By contrast, the question of whether the January 6 riot qualified as an “insurrection” and whether Trump “engaged in” it barely came up. “For an insurrection, there needs to be an organized, concerted effort to overthrow the government of the United States through violence,” Jonathan Mitchell, the lawyer representing Trump, said in response to a question from Jackson. “This was a riot. It was not an insurrection. The events were shameful, criminal, violent, all of those things, but it did not qualify as insurrection as that term is used in Section 3.”
Murray, by contrast, opened his argument by placing Trump at the center of an insurrection. “We are here because, for the first time since the War of 1812, our nation’s Capitol came under violent assault,” he said. “For the first time in history, the attack was incited by a sitting president of the United States to disrupt the peaceful transfer of presidential power. By engaging in insurrection against the Constitution, President Trump disqualified himself from public office.”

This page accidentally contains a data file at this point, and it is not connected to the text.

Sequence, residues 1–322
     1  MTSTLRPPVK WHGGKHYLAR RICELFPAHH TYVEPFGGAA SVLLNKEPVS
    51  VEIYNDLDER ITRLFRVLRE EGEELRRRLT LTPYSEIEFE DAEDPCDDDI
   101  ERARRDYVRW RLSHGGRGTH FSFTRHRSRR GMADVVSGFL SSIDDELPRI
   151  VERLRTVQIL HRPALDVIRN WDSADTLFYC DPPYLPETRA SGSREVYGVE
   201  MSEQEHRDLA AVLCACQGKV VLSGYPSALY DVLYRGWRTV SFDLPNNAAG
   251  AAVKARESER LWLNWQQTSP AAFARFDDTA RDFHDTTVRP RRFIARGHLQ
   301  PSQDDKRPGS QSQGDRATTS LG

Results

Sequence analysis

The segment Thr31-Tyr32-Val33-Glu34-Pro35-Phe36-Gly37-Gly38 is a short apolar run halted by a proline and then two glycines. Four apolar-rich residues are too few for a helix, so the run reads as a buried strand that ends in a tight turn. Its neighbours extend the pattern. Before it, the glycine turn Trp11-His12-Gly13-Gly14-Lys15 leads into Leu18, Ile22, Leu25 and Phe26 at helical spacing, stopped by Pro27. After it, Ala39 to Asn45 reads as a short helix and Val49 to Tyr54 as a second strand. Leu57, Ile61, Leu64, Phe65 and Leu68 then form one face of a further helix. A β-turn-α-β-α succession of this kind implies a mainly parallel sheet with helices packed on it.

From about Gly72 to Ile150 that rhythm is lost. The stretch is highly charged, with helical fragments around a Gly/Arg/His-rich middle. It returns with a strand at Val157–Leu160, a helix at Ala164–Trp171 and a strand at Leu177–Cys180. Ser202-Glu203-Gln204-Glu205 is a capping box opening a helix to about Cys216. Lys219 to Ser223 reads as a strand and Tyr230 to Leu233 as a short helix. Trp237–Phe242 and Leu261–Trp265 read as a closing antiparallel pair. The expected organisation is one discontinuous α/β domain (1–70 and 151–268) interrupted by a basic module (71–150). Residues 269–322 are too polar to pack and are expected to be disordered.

But that was pretty much it on the subject, aside from Kavanaugh’s allusion to the fact that Trump, despite facing numerous criminal charges, was never charged with insurrection under 18 USC 2383. In addition to a possible prison sentence of up to 10 years, a conviction under that statute makes the defendant “incapable of holding any office under the United States.” If the concern is that “insurrectionists should not be able to hold federal office,” Kavanaugh told Murray, “there is a tool to ensure that that does not happen—namely, federal prosecution of insurrectionists.”
The post SCOTUS Is Troubled by the Claim That States Can Disqualify Trump From the Election As an Insurrectionist appeared first on Reason.com.